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"Murder hornets" given new name by scientists in Washington state

Bees make "fear screams" as murder hornets attack
Honey bees make noises that sound like "shrieks" and "fear screams" as murder hornets attack their hive 00:49

The invasive hornet found in Washington state that has been referred to as the Asian giant hornet or "murder hornet" has a new name.

Washington state Department of Agriculture officials said Monday that the Entomological Society of America (ESA) has adopted "northern giant hornet" for the species Vespa mandarinia in its Common Names of Insects and Related Organisms List.

The hornets can grow to more than two inches long and are known for decimating honeybee hives and delivering painful stings to humans. 

There has been no official ESA common name since its introduction in North America became widely known in 2020, officials said. Washington state will use the new common name.

The proposal to establish a common name came from Dr. Chris Looney, who has been actively involved in the state's hornet research and efforts to eradicate northern giant hornet from Washington, officials said.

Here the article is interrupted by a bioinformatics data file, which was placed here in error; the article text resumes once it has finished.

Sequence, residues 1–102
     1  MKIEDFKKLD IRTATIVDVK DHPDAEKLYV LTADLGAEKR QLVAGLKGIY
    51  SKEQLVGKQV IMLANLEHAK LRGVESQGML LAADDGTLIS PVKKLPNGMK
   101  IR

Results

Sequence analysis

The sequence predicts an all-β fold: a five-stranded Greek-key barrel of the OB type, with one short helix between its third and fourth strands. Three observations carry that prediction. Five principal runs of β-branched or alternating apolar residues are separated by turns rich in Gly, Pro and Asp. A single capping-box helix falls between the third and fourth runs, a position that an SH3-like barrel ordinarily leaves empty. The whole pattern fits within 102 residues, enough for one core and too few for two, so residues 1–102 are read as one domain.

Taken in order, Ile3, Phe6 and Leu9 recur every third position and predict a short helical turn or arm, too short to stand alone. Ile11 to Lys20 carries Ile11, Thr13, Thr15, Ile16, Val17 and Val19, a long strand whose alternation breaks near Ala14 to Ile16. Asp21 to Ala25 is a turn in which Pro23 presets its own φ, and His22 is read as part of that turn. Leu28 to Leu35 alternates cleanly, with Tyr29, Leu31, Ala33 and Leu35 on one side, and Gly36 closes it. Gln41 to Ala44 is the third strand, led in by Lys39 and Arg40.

The new name is intended to comply with ESA's insect common names guidelines, which include avoiding naming insects using geographic regions.

The northern giant hornet is native to Asia and has been the target of eradication efforts in Washington state and British Columbia, Canada, after hornets were first discovered in both locations in 2019.

The insects are the world's largest hornets, and are considered invasive in North America for their ability to kill other bee and hornet species. A study published last year found that honey bees will buzz, run, and use loud, unique sounds to alert their fellow hive members when murder hornets attack

Scientists believe the hornets in the U.S. are confined in Whatcom County, which is located on the Canadian border north of Seattle. Washington state entomologists have so far eradicated four northern giant hornet nests.

Scientists said in May they were setting about 1,000 hornet traps in the area in 2022. Hornets caught in traps help scientists find the location of nests.

 Last year, Washington state officials destroyed a nest, finding nearly 1,500 hornets "in various stages of development."  

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